Roto Arcade - Fantasy

OK, the ground rules for this gimmick are simple, and they give us the deepest possible player pool: I'm selecting names from any era in pro football history, compiling the best possible fantasy roster. I'll take my nine and beat your nine, whoever they are, whenever they played. And I won't need a bench.

This first name shouldn't surprise anyone who lives outside New England…

QB Dan Marino, 1984 — In his second season, Marino basically played like a visitor from the future, torching the league and treating the NFL record book like his own personal scrapbook. A quarter-century later, he still holds the single-season passing yardage mark (5,084). Marino threw 48 touchdown passes in '84, an almost incomprehensible number at the time. In the 1970s, no quarterback even reached 30 TDs.

In '84, Marino also delivered the greatest end-of-year binge we're likely to ever see at this position. He closed with four straight 4-TD games, reserving his best performances for the fantasy playoffs. In the final three weeks, these were his yardage totals: 470, 404, 340. Good luck beating that, Dave Krieg owners. As great as Tom Brady was in '07 when he set the all-time passing TD record, his 140-yard, zero-touchdown effort in Week 14 got many of his owners bounced from the playoffs.

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Honorable mention: Daunte Culpepper in '04 and '00, Randall Cunningham '90 and '98, Peyton Manning in '04, Tom Brady in '07, Kurt Warner in '99, Marino in '86, Dan Fouts in '81, Steve Young in '94 and '98, Johnny Unitas in '59, Sammy Baugh in '47, Sid Luckman in '43.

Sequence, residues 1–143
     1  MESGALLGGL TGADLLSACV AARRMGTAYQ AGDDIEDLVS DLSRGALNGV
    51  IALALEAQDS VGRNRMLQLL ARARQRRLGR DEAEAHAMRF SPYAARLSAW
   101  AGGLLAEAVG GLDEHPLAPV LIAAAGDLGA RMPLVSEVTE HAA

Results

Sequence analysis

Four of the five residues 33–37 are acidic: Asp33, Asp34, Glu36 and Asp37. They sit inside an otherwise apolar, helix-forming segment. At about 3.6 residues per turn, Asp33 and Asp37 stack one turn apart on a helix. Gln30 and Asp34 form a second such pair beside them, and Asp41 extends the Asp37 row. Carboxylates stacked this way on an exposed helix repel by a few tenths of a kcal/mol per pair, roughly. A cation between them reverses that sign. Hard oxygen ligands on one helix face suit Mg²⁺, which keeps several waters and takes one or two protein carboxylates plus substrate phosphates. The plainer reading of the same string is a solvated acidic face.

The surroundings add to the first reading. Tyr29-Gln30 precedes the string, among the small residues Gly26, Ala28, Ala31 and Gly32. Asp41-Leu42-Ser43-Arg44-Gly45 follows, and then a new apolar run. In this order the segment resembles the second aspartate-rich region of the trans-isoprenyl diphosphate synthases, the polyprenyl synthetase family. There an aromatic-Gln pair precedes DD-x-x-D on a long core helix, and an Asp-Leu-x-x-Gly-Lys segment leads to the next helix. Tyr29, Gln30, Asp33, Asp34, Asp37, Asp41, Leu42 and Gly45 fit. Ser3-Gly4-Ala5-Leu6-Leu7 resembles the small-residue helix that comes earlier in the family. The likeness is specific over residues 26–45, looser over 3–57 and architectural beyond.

RB Priest Holmes, 2003 — Christian Okoye had always been the fantasy community's favorite Chief, but Holmes claimed the title with a phenomenal three-year run from 2001 to '03. During that stretch, he totaled 6,566 scrimmage yards and 61 TDs. Holmes was a touchdown machine in '03, finishing with 27 scores, 1,420 rushing yards, and a career-high 74 receptions for 690 yards. Over the last five games of the season, he was simply unfair. Holmes broke the plane 12 times, with at least two TDs in every game.

RB Marshall Faulk, 2000 — Holmes was spectacular from '01 to '03, but Faulk may have been better from 1998 to '01. In fact, during that stretch, he was arguably as productive as any NFL back has ever been. I'm not sure that 2000 was even his best season — the prior year, he was a 1,000-yard rusher and a 1,000-yard receiver — but check out the insane finish: Faulk had 178 total yards and four TDs in Week 15, then 132 yards and four scores in Week 16, then 261 and three TDs in Week 17. If you owned him, the fantasy playoffs were a victory parade.